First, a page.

About the Author(s)

Tekweni M. Chataira Email symbol
Department of Education, Faculty of Culture and Society, Auckland University of Technology (AUT), Auckland, Aotearoa - New Zealand

School of Theology, Laidlaw College, Auckland, Aotearoa - New Zealand


Chataira, T.M., 2022, ‘Thorny the paths they tread, Zimbabwean women and the COVID-19 Pandemic: A womanist reflection’, HTS Teologiese Studies/Theological Studies 78(2), a7594. https://doi.org/10.4102/hts.v78i2.7594

Note: Special Collection: Women Theologies, sub-edited by Sinenhlanhla S. Chisale (Midlands State University, Zimbabwe) and Tanya van Wyk (University of Pretoria).

Original Research

Thorny the paths they tread, Zimbabwean women and the COVID-19 Pandemic: A womanist reflection

Tekweni M. Chataira

Received: 01 Apr. 2022; Accepted: 13 Sept. 2022; Published: 12 Dec. 2022

Copyright: © 2022. The Author(s). Licensee: AOSIS.
This is an Open Access article distributed under the terms of the Creative Commons Attribution License, which permits unrestricted use, distribution, and reproduction in any medium, provided the original work is properly cited.


This study investigated the impact of the coronavirus disease 2019 (COVID-19) pandemic on the women of Zimbabwe. Drawing from womanist perspectives, the study reflected on pastoral care, gender equality and proposed new ways of engaging the Bible while recognising the impact of hermeneutics on lived realities. The research examined situational analysis reports from government and nonprofit organisations, journal articles and other academic sources focusing on various aspects of Zimbabwean women’s contexts. Womanist perspectives were engaged to provide parameters for the reflection and the recommendation of alternatives that have potential to contribute towards the enhancement of women’s lives. The study revealed a significant economic impact on those in the informal sector, which is largely occupied by women. Moreover, during periods of lockdown, there was a significant increase in the cases of gender-based violence (GBV), intimate partner violence (IPV) and child marriages. Churches were also impacted by the COVID-19 pandemic, which disrupted their operations even though many continued in their efforts to make a positive contribution to their members and society at large. While many churches had to discover creative ways to provide pastoral care for their flocks, when it comes to the complex challenges such as GBV, IPV, rape and child marriages, there is a lack of evidence demonstrating the church’s practical attempts towards addressing them.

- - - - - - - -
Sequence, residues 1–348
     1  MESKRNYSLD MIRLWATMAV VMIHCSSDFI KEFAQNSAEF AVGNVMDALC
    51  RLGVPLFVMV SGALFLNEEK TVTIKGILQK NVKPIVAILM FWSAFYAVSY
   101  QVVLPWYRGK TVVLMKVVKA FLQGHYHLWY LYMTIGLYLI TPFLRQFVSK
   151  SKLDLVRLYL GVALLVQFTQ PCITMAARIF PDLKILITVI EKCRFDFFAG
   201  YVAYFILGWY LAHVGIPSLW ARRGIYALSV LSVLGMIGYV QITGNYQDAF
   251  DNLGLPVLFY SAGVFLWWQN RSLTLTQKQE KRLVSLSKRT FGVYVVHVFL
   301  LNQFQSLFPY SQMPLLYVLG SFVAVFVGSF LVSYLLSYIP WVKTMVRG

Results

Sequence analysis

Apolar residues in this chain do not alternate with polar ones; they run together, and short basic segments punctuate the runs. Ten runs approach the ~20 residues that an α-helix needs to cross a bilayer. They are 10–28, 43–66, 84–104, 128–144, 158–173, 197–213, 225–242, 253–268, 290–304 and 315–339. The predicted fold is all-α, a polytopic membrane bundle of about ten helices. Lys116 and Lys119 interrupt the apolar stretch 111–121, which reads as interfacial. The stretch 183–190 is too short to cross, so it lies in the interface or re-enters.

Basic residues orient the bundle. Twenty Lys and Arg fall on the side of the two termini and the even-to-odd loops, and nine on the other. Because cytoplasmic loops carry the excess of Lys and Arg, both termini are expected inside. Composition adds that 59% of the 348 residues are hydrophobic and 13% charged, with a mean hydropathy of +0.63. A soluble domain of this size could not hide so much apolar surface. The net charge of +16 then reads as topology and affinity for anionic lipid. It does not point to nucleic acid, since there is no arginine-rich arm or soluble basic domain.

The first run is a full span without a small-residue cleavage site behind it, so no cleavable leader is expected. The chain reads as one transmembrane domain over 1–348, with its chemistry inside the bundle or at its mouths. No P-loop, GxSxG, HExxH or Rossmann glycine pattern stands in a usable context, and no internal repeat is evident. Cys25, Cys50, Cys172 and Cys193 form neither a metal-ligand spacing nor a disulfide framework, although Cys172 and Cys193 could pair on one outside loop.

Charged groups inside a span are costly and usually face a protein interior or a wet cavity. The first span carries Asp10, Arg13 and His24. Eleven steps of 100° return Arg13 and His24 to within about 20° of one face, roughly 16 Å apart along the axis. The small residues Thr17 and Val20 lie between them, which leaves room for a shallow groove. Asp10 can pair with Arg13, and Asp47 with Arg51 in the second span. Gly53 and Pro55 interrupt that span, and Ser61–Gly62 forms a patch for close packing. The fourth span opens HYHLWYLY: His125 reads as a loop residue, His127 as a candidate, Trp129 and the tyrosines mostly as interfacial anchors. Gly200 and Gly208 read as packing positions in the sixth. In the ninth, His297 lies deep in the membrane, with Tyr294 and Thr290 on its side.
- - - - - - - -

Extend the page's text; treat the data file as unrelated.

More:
Contribution: This paper suggests that gender equality and the employment of gender-sensitive biblical hermeneutics are alternatives that have real potential to contribute towards efforts targeted at safeguarding the liberation, well-being and flourishing of women during the pandemic and beyond. It also introduces seMadzimai, a womanist African-Zimbabwean Bible-reading approach.